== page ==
“[In the dream] she was teaching riding lessons to bare-headed children. She had this clear picture in her head and knew this is what she was supposed to be doing,” L.A. recounted. “Compared to what I do, she is absolutely heroic.” And so L.A. brought her story to the horse world. The award was icing on the cake, not only for the reward of recognition, but also the expanded exposure it brought for Angel Heart Farm, including securing a $5,000 grant to help continue its programs.

An ‘A’ List
Some of L.A.’s past and current clients include the 1996 Atlanta Committee for the Olympic Games, Arenus/Sore No-More,, Holistic Horse Media, Horses in Art, Modern Arabian, NRHA The Reiner, Northeast Reining Horse Association, Reeves International/Breyer, Today’s Equestrian and the U.S. Equestrian Team.

Two years ago she accepted a Media Liaison position with the Intercollegiate Horse Show Association (IHSA). Aside from the obvious promotional tasks with the organization, she suggested nominating IHSA executive director, Bob Cacchione, for the 2010 USEF/Equus Humanitarian Award as well as the 10th annual Pfizer/AHP Equine Industry Vision Award (EIVA). Relying on her grant-writing experience as a development director, she crafted proposals that led to Cacchione, and the association he developed, earning both awards this year. Her notion led to honoring his name.

Being on a first-name basis with riders whom she idolized growing up marks right up there as among the most memorable experiences of her career.

L.A.’s talents were put to work as J. Michael Plumb’s personal voice for the Belvoir Publication’s monthly magazine, Mike Plumb’s Horse Journal, now called Horse Journal.

“I would drive to Mike’s facility north of Boston, he’d usually be finishing a ride or a lesson so I’d hang out, watch that, and then when he was done he’d dismount and I’d join him in the tack room and he’d philosophize about training or whatever the specific topic was. I’d take the notes, then go back to my desk and craft his advice column.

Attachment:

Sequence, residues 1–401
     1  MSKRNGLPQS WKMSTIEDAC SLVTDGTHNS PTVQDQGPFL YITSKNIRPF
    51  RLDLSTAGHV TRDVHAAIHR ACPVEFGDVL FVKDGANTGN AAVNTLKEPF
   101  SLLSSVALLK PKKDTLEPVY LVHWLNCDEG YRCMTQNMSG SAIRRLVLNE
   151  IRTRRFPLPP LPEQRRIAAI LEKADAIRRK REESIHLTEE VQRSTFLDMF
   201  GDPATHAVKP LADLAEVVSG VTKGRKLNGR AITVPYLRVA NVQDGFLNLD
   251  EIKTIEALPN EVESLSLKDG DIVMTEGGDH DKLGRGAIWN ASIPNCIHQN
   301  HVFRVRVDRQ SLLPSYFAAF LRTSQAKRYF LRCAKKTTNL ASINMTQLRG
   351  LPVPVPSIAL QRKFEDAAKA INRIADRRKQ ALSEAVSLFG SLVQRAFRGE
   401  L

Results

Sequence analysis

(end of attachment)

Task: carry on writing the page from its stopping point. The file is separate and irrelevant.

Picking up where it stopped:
Being the ‘voice’ for one of the best athletes in the equestrian world was a highlight.

“Mike is still one of the very few American athletes, of any sport, to have represented his country in multiple (eight) Olympic Games and he is the first rider ever inducted into the U.S. Olympic Hall of Fame. So to be the mouthpiece for the greatest eventing rider of our generation was tremendous.”

Some moments she calls “full circles,” where she began as a young, horse-crazy girl and now years later, is at the same place as a professional journalist.

“When I was a little girl, my folks would take the drive into Manhattan to the National Horse Show. Years later I was on the press team promoting the National, and it was a beautiful full circle.”

When asked what else she would like to accomplish during her career, she laughingly sighed and said, “It would be nice to be able to own a horse.” Other than this remark, she said her career to date, and it is far from over, has been a fulfilling journey.

Heroes like L.A. are the behind-the-scene storytellers who give our industry and the people in it well-deserved recognition. She has a true dedication for the sport, the horses and the people who love them as she does. Coming full circle repeatedly in a lifetime is a passionate person’s dream come true. L.A. is living that dream. We had a notion that her name deserved recognition.

Thank you L.A. for speaking to us on your celebratory day, so we could in turn celebrate you!